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Venture capital fund looks to China start-ups that embrace virtual reality, internet of things

500 Startups plans to invest in 20 young Chinese start-ups this year

PUBLISHED : Tuesday, 31 May, 2016, 11:32pm
UPDATED : Wednesday, 01 June, 2016, 9:07am

Global venture capital fund 500 Startups plans to invest in at least 20 early-stage Chinese companies this year, focusing on those involved in virtual reality (VR) and the so-called Internet of Things (IoT), according to Edith Yeung, a partner at the US-based firm.

“We want to help Chinese companies expand in the US,” Yeung said , adding that the fund was favourable towards VR content creators, since large companies, including Sony and Facebook, are already focused on VR hardware.

Yeung also said that in the IoT sphere interest is high for companion robots that take care of children and the elderly, as well as security solutions for IoT devices.

Virtual reality technology displays images close to users’ eyes and creates the illusion of being in a different environment, while IoT refers to a wide range of mobile devices linked online that can be controlled by smartphones and other devices.

Yeung said the initial plan of 500 Startups is to invest at least US$5 million in nascent Chinese companies this year.

Founded in 2010 in California’s Silicon Valley, 500 Startups makes investments in about 200 early-stage companies around the world each year.

In Hong Kong, it has funded entertainment website operator 9GAG and online shopping service provider Shopline.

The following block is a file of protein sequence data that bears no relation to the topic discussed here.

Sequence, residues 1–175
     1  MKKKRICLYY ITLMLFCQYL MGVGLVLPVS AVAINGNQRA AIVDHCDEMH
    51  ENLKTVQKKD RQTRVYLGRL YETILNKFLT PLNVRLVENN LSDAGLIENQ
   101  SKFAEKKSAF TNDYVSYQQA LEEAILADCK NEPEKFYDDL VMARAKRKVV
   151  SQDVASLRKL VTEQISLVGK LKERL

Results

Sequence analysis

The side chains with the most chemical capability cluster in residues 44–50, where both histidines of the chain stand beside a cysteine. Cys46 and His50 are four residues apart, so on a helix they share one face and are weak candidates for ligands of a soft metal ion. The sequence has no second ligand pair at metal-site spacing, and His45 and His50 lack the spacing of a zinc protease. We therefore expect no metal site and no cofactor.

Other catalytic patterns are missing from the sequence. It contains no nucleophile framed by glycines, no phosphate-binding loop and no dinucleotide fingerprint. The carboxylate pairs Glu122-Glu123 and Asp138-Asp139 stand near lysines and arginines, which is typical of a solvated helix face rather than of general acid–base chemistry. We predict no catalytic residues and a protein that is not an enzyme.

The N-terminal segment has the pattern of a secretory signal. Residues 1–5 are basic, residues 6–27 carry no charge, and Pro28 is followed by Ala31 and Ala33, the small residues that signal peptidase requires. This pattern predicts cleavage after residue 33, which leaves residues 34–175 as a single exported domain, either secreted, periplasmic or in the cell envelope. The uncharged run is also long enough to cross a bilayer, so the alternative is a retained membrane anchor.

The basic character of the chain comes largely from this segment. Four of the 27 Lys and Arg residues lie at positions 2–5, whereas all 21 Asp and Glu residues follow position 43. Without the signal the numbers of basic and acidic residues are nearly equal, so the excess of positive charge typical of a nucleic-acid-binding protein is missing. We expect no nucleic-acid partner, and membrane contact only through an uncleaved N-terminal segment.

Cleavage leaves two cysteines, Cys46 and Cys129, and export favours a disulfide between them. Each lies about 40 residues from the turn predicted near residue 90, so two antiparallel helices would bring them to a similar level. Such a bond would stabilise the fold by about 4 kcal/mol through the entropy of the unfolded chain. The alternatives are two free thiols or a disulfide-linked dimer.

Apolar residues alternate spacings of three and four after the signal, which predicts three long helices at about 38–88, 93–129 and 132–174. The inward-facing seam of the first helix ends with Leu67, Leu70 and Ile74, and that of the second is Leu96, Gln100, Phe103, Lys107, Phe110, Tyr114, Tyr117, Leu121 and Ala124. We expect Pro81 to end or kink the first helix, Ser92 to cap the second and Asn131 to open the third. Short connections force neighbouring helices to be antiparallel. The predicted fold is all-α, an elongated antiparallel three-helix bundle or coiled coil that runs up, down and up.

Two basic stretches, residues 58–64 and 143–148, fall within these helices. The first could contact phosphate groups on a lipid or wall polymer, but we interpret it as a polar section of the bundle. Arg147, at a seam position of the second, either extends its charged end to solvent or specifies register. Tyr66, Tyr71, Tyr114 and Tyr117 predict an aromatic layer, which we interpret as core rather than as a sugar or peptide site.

Both the VR and IoT industries are expected to grow rapidly in China, according to iResearch. It forecast the number of VR device users on the mainland to reach 25 million in 2020, up from an estimated 1.4 million this year.

ABI Research projected revenue from IoT services on the mainland would exceed US$41 billion by 2020.

Facebook spent US$2 billion in 2014 to purchase VR headset company Oculus VR and rolled out the first consumer device in March. Sony plans to release its own VR device compatible with its PS4 game console this October.

Yeung said the company is also setting up a global fund for IoT devices with an emphasis on Chinese projects, though she did not detail the time frame or size of the fund.

500 Startups may wait for a long time before seeing returns from its investments in China, said Alex Ng, an analyst from China Merchant Securities (Hong Kong).

“IoT hardware takes a longer time to develop than software products,” he said.

“VR products are not widespread yet so it will also take time before content services can make a profit.”